As Larry puts it: “Pretty soon you may not have to go into hospital; you will just have a doctor look at a video screen.”

He says Australia is leading the way when it comes to strategic thinking on the platforms to support the health and aged care revolution.

Specifically, he is talking about the National Broadband Network, this country’s largest ever nation-building infrastructure project and a vital foundation for our future economy and society.

As the AMA President, Dr Andrew Pesce said at the National Press Club on 21 July: “While all Australians will benefit from e-health initiatives, rural Australia is where new and innovative technology and information systems will pay off big time.”

The implications of the National Broadband Network and the advance of ICT in the health and aged care sectors are profound.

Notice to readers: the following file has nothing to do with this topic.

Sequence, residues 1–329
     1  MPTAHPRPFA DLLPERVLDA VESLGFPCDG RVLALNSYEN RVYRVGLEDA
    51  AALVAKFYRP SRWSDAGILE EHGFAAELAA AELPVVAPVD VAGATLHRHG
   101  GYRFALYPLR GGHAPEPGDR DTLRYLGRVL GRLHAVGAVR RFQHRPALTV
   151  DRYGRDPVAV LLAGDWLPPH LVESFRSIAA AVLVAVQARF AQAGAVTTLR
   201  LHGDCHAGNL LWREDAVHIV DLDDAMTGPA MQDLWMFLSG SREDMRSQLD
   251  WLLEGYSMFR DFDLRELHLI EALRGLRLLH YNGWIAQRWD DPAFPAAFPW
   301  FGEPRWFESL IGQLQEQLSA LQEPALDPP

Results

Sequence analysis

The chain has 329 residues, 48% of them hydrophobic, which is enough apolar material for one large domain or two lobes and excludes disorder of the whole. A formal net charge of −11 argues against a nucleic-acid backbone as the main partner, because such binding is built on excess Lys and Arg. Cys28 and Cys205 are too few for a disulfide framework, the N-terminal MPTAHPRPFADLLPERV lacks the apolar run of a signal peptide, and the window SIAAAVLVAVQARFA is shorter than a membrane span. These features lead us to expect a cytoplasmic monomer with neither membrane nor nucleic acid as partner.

Already, in fledgling projects, we are starting to see the benefits of remote diagnosis and care, connecting patients in regional hospitals with specialists in capital cities.

Broadband tools are also providing important emotional welfare for young patients bed-ridden and separated from family and friends.

Early stage online file sharing and records access is helping regional doctors to become more efficient.

Hospital staff across the country have access to online training and resources.

All of these applications present great benefits for patient care and the efficiency of our health care systems.

But as our population continues to age, and Governments work to deal with a stressed hospital system, broadband will become an even more vital piece of the healthcare solution.

In-home care is a key way to deal with the challenge of an ageing population that expects independence.